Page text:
About Us

Mended Hearts is a national nonprofit organization that has offered the gift of hope to heart patients, their families and caregivers for 60 years.

Mended Hearts has nearly 51,000 members in 200 community-based chapters and satellites across the U.S. (and one in Canada). Chapters partner with more than 450 hospitals and cardiac care facilities to provide patient-to-patient support services.  Mended Hearts accredited volunteers annually average more than 200,000 visits to heart patients and families mostly in person, but also online or by phone.

Mended Hearts offers Educational and Support Programs and information on Educational Resources.

Educational and Support Programs

  • In-Person Visiting Program – Mended Hearts members are like the people they serve — they are heart patients and family members serving others going through what they went through themselves.  This allows them to draw on their own personal experience as they educate, reassure and inspire others.  Heart patients and their families gain hope by seeing others who have survived heart disease and are healthy.  Healthcare professionals continually praise the patient-to-patient connection as they witness firsthand the benefits to their patients’ overall recovery.
  • Internet Visiting/Phone Support – Visits to patients and family members online and by phone provide much needed support in areas where face-to-face visits from local members are not available.
  • Group Meetings – Support Groups — Our support groups show people that a rich, rewarding life is possible after heart disease. Members listen, share their experiences, and discuss matters relating to lifestyle changes, depression, recovery and treatment.
  • Health Information Workshops — Healthcare professionals and businesses are invited to provide valuable information and answer questions.
  •  Mended Little Hearts – Heart patients are of all ages, so Mended Little Hearts was launched to provide support and encouragement to parents of children born with congenital heart defects and heart disease.  The program began in 2004 with two groups in two states.  Today there are more than 50 community-based groups in 23 states.
  • National Conference – Mended Hearts hosts an annual national conference to train volunteers, provide the latest cardiovascular health information, and offer networking opportunities. The average attendance is 350-400.

Educational Resources

  • Patients and Their Hearts (PATH) Pack – During a hospital visit, a trained visitor offers a PATH Pack to each heart patient/family.  The folder includes health information, support group connections, guidance for making healthy lifestyle changes and maintaining a good quality of life after a heart event, local MHI chapter information, etc.  The current annual distribution is 160,000 households.
  • After the Cath Lab:  A Guide to Recovery – Bypass patients have been Mended Hearts’ main constituency, but this is changing.  In  2010, we expanded a new program for the cath lab.  Now a trained visitor offers an educational packet to heart patients/family just before or just after a scheduled catheterization procedure in the hospital.  The educational folder, customized for cath lab patients, includes health information, guidance for making healthy lifestyle changes and maintaining a good quality of life after angioplasty, local MHI chapter information, etc.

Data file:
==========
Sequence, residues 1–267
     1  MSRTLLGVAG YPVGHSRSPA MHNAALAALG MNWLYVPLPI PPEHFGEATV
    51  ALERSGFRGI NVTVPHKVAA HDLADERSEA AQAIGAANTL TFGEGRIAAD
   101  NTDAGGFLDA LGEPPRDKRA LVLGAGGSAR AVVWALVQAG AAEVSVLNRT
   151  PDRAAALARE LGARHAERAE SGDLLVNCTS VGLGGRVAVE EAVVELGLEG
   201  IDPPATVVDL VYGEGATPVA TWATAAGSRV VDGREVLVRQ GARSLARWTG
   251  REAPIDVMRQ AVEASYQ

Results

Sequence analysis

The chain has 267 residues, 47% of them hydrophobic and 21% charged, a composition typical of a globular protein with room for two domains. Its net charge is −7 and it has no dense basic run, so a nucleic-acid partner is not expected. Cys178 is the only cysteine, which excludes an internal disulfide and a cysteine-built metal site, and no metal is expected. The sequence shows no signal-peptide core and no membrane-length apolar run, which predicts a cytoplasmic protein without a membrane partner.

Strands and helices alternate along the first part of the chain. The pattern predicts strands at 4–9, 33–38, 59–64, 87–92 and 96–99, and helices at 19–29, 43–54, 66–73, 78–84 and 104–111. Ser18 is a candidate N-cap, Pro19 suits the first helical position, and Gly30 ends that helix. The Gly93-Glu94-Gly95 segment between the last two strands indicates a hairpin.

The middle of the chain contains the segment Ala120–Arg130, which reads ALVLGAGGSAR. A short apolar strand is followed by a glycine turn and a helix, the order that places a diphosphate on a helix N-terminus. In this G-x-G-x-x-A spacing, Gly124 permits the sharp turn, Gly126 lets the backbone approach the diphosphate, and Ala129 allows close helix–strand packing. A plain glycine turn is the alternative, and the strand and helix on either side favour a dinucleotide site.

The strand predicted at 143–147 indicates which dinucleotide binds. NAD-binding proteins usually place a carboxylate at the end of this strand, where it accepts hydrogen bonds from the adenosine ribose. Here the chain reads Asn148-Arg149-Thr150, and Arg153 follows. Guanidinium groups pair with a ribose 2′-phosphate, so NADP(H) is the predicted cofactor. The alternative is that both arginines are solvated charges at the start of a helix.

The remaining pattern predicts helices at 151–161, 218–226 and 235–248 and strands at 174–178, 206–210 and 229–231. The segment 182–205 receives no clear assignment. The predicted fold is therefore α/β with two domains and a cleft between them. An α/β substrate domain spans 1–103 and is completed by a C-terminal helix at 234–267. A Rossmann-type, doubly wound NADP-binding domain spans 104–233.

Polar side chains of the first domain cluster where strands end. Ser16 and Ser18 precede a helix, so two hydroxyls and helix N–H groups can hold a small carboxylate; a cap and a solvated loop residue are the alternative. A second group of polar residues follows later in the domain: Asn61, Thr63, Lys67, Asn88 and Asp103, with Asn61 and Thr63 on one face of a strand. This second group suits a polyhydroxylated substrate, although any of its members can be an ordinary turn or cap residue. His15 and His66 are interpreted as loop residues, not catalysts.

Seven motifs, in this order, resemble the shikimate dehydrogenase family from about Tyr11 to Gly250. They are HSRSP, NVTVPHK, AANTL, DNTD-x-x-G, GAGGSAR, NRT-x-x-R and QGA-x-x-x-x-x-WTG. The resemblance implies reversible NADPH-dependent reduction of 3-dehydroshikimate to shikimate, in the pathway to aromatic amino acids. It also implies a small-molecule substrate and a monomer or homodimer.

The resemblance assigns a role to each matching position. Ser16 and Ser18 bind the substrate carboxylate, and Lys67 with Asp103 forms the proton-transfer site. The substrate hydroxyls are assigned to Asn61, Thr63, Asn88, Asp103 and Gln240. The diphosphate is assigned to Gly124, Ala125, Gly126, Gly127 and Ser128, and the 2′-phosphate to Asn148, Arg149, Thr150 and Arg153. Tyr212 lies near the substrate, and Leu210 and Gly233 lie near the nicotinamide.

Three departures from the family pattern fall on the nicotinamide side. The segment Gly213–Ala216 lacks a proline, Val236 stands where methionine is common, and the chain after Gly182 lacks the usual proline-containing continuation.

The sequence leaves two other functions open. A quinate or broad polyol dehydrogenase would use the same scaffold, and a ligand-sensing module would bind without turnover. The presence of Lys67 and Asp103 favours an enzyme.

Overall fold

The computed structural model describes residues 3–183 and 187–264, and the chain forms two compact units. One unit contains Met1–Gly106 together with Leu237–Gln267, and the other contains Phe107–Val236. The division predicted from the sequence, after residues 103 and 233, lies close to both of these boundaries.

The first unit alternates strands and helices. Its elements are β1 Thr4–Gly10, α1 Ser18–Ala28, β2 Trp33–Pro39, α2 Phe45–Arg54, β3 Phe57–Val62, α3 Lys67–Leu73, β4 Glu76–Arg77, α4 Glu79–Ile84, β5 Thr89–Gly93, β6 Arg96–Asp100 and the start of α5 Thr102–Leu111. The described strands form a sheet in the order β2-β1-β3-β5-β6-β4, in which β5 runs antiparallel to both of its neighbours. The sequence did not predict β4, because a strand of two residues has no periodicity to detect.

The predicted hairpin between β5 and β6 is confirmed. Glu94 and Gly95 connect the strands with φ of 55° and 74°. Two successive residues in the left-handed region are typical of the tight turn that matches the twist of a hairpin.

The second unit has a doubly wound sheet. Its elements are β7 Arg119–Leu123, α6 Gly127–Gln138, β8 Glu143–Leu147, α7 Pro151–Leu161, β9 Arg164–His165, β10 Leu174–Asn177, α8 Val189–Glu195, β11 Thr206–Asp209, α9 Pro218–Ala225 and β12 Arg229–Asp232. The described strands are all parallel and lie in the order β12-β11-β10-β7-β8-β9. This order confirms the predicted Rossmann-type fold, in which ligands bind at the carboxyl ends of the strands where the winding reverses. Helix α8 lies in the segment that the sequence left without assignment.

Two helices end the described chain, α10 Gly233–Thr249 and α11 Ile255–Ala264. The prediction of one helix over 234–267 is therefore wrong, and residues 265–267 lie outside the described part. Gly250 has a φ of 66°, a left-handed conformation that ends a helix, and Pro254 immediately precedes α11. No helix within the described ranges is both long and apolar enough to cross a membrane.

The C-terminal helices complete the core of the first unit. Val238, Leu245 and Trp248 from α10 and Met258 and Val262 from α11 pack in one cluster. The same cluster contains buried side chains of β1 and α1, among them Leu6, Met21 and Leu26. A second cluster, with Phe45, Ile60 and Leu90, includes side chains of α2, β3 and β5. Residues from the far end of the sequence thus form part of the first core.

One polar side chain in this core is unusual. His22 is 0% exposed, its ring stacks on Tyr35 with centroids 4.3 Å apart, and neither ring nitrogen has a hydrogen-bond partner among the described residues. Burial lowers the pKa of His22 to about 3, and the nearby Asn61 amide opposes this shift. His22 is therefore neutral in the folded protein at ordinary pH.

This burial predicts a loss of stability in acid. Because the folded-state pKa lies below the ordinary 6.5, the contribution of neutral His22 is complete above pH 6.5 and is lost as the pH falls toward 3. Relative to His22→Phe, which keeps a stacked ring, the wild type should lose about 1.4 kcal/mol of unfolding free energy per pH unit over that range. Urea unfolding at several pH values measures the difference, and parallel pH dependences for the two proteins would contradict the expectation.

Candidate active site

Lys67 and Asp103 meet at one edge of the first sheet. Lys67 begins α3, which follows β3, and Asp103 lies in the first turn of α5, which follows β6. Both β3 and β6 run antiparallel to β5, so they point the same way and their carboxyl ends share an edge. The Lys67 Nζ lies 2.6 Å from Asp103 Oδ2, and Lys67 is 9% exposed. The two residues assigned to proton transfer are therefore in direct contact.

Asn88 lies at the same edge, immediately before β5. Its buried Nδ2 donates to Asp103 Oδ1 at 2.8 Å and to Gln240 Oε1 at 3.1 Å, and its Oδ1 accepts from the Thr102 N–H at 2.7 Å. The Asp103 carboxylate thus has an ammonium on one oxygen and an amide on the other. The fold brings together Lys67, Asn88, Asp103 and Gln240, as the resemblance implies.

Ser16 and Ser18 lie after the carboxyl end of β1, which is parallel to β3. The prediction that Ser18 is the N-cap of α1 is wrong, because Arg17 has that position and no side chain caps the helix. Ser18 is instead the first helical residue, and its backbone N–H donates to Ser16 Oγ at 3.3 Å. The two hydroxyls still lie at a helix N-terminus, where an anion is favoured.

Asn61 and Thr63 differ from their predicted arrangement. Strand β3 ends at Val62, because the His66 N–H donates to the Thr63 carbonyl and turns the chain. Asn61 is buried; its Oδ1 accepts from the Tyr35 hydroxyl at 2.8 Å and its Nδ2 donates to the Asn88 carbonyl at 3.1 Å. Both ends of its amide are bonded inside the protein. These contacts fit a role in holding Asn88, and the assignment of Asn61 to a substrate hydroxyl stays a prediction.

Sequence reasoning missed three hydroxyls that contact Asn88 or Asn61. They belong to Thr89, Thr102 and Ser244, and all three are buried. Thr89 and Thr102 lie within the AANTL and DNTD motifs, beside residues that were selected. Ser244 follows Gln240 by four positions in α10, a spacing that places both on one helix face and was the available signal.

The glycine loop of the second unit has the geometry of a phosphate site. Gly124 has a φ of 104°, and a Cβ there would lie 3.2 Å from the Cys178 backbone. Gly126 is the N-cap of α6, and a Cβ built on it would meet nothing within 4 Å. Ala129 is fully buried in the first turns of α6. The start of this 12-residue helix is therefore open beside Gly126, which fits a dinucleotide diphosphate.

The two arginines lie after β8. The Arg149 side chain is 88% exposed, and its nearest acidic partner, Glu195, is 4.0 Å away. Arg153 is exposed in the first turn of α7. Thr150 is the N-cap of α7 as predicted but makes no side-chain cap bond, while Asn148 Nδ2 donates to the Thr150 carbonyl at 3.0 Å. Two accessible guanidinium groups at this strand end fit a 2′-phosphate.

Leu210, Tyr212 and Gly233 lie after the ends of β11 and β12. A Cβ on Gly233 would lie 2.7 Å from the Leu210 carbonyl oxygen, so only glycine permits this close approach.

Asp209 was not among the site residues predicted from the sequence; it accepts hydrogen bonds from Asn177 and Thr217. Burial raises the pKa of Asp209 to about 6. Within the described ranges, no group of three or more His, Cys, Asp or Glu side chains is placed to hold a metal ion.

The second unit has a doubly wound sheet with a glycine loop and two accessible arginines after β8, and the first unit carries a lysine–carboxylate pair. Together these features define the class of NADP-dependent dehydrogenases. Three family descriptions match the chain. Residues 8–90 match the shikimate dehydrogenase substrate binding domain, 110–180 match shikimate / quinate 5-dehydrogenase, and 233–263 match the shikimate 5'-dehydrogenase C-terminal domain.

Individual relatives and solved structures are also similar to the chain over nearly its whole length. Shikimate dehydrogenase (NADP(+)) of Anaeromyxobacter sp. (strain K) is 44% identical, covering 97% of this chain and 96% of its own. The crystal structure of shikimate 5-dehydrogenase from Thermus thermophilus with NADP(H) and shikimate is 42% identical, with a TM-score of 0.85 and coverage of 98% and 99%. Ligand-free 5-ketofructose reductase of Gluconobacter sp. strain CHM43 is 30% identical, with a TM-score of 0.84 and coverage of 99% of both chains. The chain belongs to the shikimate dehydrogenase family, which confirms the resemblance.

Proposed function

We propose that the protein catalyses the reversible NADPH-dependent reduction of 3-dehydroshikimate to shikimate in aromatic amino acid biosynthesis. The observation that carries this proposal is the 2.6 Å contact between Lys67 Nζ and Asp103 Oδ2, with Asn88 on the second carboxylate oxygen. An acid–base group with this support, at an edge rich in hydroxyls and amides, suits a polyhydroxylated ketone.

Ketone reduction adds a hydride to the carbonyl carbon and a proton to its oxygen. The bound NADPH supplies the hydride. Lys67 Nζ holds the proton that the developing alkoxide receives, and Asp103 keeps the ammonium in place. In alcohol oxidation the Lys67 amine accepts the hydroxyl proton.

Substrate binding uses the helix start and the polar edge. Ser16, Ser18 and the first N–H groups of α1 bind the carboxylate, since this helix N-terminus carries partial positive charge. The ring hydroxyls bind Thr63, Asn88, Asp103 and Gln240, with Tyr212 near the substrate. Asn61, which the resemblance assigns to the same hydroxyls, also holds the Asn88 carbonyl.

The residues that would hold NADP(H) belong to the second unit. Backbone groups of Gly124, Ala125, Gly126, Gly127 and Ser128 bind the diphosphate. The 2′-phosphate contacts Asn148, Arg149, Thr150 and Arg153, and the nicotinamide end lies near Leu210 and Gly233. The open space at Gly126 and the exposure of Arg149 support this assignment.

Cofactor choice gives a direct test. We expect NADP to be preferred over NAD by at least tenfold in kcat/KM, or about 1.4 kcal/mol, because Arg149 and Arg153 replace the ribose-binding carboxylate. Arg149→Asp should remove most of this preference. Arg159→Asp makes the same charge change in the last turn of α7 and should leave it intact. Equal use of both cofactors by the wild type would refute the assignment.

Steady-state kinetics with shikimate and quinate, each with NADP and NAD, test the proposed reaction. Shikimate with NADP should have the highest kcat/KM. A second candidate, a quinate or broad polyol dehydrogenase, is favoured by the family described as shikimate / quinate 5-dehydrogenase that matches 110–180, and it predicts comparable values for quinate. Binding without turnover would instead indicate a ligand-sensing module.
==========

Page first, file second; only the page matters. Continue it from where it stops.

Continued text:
• Heartbeat – Heartbeat is our quarterly national magazine that provides valuable health information, inspirational survivor stories and chapter news.Heart patients read about survivors enjoying a good quality of life.  The magazine also highlights a national network of caring individuals that they can connect with for support on their road to recovery.  We print copies 80,000 annually to distribute to our members.

Scope of the Disease/Patient Numbers¹

  • Cardiovascular diseases (CVD) are the No.1 killer of women and men.
  • An estimated 82.6 million Americans have some type of CVD, and 40.4 million are age 60 or older.
  • From 1997 to 2007, the latest year for which figures are available, the number of Americans discharged from short-stay hospitals with CVD as the first listed diagnosis decreased from 6,097,000 to 5,890,000.  In 2007, CVD ranked highest among all disease categories in hospital discharges.
  • The estimated incidence of myocardial infarction (MI, heart attacks) is 935,000 new and recurrent attacks annually.
  • Cardiovascular operations and procedures have increased 27 percent from 5,382,000 in 1997 to 6,646,000 in 2007.  In the United States in 2007, an estimated 1,118,000 PCI procedures, 408,000 bypass procedures and 1,059,000 diagnostic cardiac catheterizations were performed, and 111,000 implantable defibrillators and 160,000 pacemaker devices were implanted.
  • Between four and 10 cardiovascular defects per 1,000 live births are expected. Congenital cardiovascular disease is the most common cause of infant death from birth defects; more than one in three infants who die from a birth defect have a heart defect.

¹ American Heart Association.  Heart Disease and Stroke Statistics – 2011 Update
Mended Hearts:  1-888-HEART99 (1-888-432-7899); www.mendedhearts.org